Owner David Ryan, founder and CEO of safari company Rhino Africa, is adept at finding and developing sites that give Mother City visitors a unique private perch from which to explore (or to hide out). He’s the owner of boutique hotel MannaBay, which has occupied two sites in the City Bowl. For the brief to architect Lauren Bolus of Fabian Architects and Make Studio, Ryan used his hospitality insights and experience from building MannaBay and Silvan Safari in Sabi Sand Game Reserve. “We know guests in Cape Town typically spend less time in their bedroom than they would on safari, so we wanted to maximise the public areas of the hotel,” he explains. “We spent a lot of time on creating visually and spatially distinctive public areas – the magnificent breakfast atrium with views of Table Mountain, the rooftop bar, the pool area as well as the cosy indoor bar.”
While most new apartment developments around the country are marketing “hotel-style” luxury and amenities, this hotel offers all of those modern comforts within the well-appointed shared spaces, originality and scale of a home. The former building was, in fact, a six-bedroom house to begin with, which Bolus reconfigured on the same footprint. The result is that no two suites are the same, maximising the panoramic rooftop balcony view or a meditative mountain-retreat perspective. It’s not formulaic, which is reflected in the finishes and interior design, and there’s also an intimacy, making for a memorable stay.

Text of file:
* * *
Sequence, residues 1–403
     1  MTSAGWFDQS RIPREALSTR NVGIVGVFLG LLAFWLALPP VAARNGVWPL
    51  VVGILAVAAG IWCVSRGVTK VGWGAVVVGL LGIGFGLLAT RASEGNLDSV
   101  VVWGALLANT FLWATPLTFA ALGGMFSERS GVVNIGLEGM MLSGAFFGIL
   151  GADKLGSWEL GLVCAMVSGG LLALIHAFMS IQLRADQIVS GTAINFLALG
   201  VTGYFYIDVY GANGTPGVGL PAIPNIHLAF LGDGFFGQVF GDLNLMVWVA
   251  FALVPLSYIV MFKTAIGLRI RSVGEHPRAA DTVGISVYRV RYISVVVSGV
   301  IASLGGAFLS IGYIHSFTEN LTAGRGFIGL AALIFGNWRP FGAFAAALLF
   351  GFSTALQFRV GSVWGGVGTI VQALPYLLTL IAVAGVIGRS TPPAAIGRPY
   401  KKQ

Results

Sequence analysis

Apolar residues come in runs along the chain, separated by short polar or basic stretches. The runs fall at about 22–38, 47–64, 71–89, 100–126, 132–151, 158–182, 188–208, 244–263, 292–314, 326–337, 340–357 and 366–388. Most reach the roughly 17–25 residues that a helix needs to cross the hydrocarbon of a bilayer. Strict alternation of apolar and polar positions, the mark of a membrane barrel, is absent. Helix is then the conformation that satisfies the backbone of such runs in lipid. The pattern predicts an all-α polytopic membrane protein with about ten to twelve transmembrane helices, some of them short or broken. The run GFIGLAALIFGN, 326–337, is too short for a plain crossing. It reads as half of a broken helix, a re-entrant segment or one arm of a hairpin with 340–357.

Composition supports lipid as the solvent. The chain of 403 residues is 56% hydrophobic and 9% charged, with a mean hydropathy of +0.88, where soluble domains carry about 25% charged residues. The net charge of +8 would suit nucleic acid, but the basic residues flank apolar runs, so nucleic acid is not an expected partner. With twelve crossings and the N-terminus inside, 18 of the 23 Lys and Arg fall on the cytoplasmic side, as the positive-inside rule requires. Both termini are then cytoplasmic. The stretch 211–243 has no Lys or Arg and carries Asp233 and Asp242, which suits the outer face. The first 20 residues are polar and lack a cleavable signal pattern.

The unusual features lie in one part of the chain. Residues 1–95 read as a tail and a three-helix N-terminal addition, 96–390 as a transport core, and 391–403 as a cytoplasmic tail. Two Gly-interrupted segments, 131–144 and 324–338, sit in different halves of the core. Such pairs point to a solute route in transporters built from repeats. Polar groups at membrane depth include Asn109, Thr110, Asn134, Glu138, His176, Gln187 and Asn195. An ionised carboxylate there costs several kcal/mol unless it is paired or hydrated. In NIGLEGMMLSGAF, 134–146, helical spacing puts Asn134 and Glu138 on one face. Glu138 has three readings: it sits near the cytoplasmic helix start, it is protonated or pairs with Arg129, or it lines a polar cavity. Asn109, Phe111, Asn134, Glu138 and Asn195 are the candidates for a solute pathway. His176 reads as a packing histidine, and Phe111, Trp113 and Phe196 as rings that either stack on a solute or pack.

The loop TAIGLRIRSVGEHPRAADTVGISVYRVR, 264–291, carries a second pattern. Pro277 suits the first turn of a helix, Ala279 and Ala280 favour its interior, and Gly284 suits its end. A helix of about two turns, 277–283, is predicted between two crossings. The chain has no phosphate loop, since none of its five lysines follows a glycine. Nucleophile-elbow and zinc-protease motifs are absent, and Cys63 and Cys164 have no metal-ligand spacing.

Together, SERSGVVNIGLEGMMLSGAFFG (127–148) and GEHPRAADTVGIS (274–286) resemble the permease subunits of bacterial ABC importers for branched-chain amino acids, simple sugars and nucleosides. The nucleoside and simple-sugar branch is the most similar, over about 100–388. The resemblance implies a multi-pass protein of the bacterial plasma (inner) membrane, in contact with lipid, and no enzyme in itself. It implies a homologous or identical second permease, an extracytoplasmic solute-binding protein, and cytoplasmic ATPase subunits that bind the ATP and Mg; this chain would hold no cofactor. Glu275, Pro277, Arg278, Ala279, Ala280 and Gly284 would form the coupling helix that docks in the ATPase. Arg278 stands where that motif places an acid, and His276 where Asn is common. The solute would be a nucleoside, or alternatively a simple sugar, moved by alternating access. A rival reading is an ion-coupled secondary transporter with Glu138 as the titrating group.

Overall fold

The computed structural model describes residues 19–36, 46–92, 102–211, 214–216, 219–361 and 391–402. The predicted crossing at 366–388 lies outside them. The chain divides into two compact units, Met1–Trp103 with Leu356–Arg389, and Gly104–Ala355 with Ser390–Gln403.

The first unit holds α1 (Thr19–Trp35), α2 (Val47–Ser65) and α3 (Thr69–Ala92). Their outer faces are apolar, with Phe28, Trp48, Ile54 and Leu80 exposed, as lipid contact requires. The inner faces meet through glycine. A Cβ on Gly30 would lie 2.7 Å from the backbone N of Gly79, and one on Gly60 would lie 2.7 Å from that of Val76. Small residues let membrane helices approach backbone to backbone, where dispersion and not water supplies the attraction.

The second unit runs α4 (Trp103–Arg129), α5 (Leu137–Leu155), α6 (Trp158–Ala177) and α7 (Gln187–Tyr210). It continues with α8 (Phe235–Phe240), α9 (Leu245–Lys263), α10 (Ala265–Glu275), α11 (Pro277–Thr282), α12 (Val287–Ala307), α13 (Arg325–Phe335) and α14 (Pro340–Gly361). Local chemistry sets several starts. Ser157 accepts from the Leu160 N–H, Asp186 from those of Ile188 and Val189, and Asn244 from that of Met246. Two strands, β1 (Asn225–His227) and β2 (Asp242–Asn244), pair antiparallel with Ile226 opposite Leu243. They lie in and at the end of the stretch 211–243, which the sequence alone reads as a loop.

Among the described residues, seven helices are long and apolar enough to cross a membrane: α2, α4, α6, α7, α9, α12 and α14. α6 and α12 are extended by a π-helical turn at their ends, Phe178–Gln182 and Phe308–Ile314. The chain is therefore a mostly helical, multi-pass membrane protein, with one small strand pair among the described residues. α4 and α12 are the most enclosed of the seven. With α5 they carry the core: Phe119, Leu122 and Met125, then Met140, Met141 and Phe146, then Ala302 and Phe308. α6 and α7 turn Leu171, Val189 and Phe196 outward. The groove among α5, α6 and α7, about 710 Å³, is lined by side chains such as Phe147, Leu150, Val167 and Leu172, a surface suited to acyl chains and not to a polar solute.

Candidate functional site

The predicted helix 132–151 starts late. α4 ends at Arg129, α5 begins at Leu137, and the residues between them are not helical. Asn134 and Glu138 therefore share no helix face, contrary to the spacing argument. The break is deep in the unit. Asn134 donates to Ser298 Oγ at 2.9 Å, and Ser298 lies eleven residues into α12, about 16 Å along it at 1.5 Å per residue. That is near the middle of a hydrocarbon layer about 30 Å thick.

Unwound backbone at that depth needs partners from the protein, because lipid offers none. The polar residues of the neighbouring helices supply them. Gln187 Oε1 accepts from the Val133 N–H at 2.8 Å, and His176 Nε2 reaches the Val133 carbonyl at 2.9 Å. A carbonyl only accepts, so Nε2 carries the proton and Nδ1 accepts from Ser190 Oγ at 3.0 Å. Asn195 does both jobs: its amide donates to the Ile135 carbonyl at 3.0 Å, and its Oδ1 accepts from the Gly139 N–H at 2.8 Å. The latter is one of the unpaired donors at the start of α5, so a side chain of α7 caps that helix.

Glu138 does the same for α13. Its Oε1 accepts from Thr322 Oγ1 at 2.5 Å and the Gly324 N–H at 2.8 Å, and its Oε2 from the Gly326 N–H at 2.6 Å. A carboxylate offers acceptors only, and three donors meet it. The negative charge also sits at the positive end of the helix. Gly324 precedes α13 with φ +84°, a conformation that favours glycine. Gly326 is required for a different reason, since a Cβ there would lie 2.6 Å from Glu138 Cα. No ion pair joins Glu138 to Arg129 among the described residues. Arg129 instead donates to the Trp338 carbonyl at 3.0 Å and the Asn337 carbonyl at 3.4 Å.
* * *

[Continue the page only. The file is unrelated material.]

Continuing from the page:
The most distinctive feature of Camissa House is the steel-and-glass atrium that brings Table Mountain in, letting the location and natural surroundings permeate the space. Surrounded by common areas, the atrium – which was an existing outside courtyard – “is the ‘piazza’ of the hotel,” says Bolus. “There are visual links to it through the textured breeze blocks as one circulates through the levels and overlooks it while walking along the passages towards the suites.”
Built on the mountain slopes above a large garage, the hotel’s three floors are terraced, and this effect of layering has been echoed in the internal layout and interior design. Architecturally, there are many sharp edges and clean lines, which are softened by Bolus’s choice of jewel tones and materials that are rich and textural, and that pick up Ryan’s vibrant artworks.
The building takes up most of the plot, so consideration was made to highlight existing surrounding flora and incorporate additional greenery. The atrium houses a tree at its centre, looks onto a rockery and is bordered by planters on the upper galleries. “Plants have been used as a functional aspect of the design, rather than an afterthought,” explains landscaper Chris Maddams. “The planting is intended to be eye-catching, either as a sculptural focal point or to create swathes of colour to brighten the spaces, and to surround guests with the lushness of the ferny kloof and ensure they feel like the hotel belongs high up on the mountain.”